British farmers in turmoil as delayed spring plays havoc with growing season

Last year, asparagus growers were harvesting as early as 8 April. This spring, they are not expecting to harvest their open-field crop until the last week of April – a week later than the official start of the season, St George’s Day, 23 April. Welcome to just one of the consequences of Britain’s disastrously delayed spring.

“We have had a very challenging time,” said Guy Smith, vice president of the National Farmers’ Union (NFU). “March breezed in with the ‘beast from the east’ and went out with the worst bank holiday on record.” For asparagus-lovers there is at least an upside. “The combination has to be right for the crowns to push through,” explained Per Hogberg, of grower Wealmoor. “The air temperature has to be at least 12C, while the soil temperature should be between 8C and 10C. With warmer weather expected, consumers can expect a bumper crop in mid-May,” he said.

It is not just asparagus growers praying for a warm, dry spell. The earlier farmers can sow, the more chance their crops have to achieve their potential. “My father was a farmer and one of his sayings was ‘a peck of dust in March was worth a king’s ransom’,” Smith said. “If the ground is nice and friable and makes a good seed-bed then it can be potentially quite lucrative for the farmer. Well, that’s gone this year.”

Farmers griping about the weather goes with the job. But Smith fears something is happening to Britain’s weather that has consequences which stretch far beyond .

“We farm in north-east Essex, in the driest spot in the British Isles, and so we’re keen observers of the British weather. More often now we seem to be stuck in long periods of wet months and then long periods of dry months, which is more challenging for farmers.”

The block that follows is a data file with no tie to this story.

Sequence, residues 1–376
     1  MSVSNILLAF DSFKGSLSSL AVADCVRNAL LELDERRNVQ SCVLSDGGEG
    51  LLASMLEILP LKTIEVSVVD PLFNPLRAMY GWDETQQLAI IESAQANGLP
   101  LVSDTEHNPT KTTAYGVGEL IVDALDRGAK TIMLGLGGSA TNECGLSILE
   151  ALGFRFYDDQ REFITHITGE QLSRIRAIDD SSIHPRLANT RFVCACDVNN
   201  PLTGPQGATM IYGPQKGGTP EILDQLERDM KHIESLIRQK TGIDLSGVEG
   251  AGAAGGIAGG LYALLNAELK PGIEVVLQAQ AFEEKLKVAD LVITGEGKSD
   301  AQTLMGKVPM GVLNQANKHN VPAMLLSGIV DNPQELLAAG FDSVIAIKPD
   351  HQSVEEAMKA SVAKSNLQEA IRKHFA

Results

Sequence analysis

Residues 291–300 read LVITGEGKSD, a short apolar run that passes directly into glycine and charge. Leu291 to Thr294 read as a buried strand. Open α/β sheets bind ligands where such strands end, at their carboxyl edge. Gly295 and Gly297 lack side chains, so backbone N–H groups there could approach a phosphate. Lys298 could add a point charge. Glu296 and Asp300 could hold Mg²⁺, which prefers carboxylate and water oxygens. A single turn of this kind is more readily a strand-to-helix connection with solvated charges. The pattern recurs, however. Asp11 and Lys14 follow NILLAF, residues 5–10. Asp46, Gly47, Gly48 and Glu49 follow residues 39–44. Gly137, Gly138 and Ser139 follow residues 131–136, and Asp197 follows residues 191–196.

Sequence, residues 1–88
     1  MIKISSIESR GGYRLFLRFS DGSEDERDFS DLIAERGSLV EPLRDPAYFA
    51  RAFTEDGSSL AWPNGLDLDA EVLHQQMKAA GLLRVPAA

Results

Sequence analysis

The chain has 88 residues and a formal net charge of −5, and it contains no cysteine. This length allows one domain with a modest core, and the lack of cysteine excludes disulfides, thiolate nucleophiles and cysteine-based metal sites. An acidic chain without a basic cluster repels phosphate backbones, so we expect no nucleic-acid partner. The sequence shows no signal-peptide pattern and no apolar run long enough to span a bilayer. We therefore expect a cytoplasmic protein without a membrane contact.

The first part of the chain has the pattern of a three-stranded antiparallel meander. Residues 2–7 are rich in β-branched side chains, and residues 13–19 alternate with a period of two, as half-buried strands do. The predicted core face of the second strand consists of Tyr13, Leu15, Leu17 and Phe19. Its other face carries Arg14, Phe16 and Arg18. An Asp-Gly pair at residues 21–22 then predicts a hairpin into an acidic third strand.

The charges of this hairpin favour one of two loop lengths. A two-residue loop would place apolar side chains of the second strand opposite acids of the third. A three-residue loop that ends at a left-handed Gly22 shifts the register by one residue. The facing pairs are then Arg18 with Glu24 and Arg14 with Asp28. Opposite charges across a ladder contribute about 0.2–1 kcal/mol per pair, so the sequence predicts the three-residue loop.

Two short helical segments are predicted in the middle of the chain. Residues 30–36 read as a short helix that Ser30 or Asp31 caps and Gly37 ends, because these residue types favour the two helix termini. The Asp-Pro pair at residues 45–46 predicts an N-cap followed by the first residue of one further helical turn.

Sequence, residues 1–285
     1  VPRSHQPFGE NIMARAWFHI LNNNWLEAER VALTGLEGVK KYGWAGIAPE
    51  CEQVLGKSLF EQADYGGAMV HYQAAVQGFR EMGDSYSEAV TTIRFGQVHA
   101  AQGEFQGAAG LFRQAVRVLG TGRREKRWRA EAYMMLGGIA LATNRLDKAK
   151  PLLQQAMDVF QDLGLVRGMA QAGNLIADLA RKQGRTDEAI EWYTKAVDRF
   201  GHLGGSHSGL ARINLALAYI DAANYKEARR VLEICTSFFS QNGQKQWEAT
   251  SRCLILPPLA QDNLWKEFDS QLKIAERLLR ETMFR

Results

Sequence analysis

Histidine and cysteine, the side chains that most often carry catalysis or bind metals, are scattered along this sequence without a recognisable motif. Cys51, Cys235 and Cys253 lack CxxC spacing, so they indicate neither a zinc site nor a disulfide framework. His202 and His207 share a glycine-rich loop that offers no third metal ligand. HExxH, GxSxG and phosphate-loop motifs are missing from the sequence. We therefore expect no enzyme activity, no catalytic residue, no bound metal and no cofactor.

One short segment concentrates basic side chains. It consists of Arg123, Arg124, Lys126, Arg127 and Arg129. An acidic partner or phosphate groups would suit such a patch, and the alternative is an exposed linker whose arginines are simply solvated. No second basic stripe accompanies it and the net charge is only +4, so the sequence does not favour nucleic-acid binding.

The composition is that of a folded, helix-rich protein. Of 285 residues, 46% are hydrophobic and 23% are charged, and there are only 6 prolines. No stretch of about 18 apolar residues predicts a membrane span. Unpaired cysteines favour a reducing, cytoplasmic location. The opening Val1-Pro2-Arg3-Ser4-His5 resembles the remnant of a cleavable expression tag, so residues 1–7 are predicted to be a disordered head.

Adam Lockwood grows spring onions in the Vale of Evesham in Worcestershire. “At the minute we’re struggling to get going,” he said. “Potato growers haven’t even started planting yet and drilling dates are well behind where they should be.

“We’re lucky in one sense that what we’re doing is all seed. I can buy seed and put it in a shed and it doesn’t matter, but lettuce and brassica growers who have plants raised in a nursery that were ready weeks ago, they’re now having to throw those away.”

Like Smith, Lockwood thinks that the climate is changing. “We’re getting more rain in a shorter period rather than evenly distributed across the year – that’s what I’m noticing. And you’re getting more intense dry periods. It’s more extreme.”

Livestock and dairy producers have been particularly hard hit. “It’s been a very late spring, even for a hill farm where we are,” said Richard Findlay, chair of the NFU’s livestock board, who farms in the North Yorkshire Moors National Park.



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